Abstract 15229: Racial Disparity in Blood Pressure Control in VA Patients from 2000 to 2011
The VA Electronic Health Record with reminders effectively manages hypertension and stores data longitudinally. Vital signs from the entire VA were analyzed between 2000 and 2011. Of 7,361,848 patients with 274,162,609 BP measurements; 4,055,558 had elevations >140 systolic or >90 diastolic on three separate days. Analysis was made for age, race, treatment and BMI. Control for Blacks improved from 49.8 in 2000 to 72.5 in 2011, and Whites from 50.6 to 77.0 respectively (Fig. 1). Black/White difference was small when both groups were poorly controlled (2000 - 2001), but as treatment improved, Blacks consistently were less well controlled than Whites. BMI for hypertensive Blacks and Whites remained steady at 29.5 until 2006, then increasing for both, reaching 30.1 in 2011. This increase may explain why controlling hypertension becoming more difficult in 2006. Normotensive Blacks had a BMI of 25.5 in 2000 rising to 27.7 in 2011, while Whites increased from 26.6 to 27.9 respectively (Fig. 2). Drug data became available starting in 2004. Both Blacks and Whites received the same number of anti-hypertensive medicine classes (2.7 ± 1.4, p=0.21). Medicine coverage, where the number of daily doses were compared with frequency of refills, showed no racial difference (81.0% + 16%, p=0.64).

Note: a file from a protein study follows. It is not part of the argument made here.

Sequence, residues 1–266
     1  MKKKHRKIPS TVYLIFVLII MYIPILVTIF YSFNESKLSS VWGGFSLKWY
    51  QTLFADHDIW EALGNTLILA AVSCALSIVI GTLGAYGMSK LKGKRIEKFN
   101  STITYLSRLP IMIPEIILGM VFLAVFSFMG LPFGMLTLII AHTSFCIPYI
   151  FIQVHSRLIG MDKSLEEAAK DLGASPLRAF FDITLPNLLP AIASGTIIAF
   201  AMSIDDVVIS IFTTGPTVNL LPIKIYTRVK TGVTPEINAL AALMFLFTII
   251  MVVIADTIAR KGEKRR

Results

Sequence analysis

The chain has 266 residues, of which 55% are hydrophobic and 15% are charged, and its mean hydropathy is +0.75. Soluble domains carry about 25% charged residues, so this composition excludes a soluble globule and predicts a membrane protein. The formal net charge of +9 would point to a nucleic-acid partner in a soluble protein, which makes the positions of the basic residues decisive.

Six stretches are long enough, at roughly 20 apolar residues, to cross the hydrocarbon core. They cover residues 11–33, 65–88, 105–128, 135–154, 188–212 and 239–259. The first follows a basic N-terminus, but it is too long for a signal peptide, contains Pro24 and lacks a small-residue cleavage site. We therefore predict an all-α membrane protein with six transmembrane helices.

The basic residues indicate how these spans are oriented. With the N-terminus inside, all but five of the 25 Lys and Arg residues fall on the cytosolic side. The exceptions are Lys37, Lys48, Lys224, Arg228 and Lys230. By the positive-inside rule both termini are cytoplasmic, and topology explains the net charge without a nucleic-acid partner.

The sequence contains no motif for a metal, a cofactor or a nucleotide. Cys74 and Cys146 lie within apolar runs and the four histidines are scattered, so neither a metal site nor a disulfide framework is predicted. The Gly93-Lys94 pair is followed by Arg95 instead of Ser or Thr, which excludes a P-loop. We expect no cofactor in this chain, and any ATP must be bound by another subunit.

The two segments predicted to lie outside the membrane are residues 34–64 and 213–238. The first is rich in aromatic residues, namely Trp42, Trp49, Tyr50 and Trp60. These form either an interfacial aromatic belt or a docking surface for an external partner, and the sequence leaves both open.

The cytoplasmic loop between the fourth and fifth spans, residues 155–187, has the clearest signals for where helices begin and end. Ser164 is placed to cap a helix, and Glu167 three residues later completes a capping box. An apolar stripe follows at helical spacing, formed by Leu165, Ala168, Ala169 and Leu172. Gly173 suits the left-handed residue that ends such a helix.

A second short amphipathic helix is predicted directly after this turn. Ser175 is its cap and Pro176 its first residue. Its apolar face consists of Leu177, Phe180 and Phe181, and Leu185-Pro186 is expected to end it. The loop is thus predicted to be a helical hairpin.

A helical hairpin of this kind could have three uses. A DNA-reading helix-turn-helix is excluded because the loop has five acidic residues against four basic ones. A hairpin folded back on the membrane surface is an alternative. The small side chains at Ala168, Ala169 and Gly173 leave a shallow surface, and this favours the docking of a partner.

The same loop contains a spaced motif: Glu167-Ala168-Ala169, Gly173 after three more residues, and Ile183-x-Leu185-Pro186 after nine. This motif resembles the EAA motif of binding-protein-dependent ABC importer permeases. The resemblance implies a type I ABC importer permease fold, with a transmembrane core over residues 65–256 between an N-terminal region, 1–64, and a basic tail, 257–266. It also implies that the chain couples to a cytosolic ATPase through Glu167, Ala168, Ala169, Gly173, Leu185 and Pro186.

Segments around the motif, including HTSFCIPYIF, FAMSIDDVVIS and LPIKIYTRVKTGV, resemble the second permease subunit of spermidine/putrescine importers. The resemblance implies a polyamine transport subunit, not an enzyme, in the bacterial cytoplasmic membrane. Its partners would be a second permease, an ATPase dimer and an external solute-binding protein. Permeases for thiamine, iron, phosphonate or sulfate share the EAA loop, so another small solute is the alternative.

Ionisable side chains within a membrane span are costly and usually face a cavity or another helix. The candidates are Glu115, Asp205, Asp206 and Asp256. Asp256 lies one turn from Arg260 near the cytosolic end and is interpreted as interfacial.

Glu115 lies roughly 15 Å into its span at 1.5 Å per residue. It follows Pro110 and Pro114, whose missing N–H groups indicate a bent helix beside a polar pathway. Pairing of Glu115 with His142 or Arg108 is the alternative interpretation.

Conclusion: Blacks and Whites both improved hypertensive control over 11 years with Blacks consistently 5% less well controlled than Whites. The reason for this disparity cannot be explained by differences in BMI, number of medicine classes or less coverage. More intensive treatment, with improved weight control, may be required if Blacks are to achieve BP control equal to Whites.
Author Disclosures: R.D. Fletcher: None. R.L. Amdur: None. R. Kheirbek: None. V. Papademetriou: None. A. Ahmed: None. F. Alemi: None. D. Maron: None. C. Faselis: None. R.E. Jones: None.
- © 2014 by American Heart Association, Inc.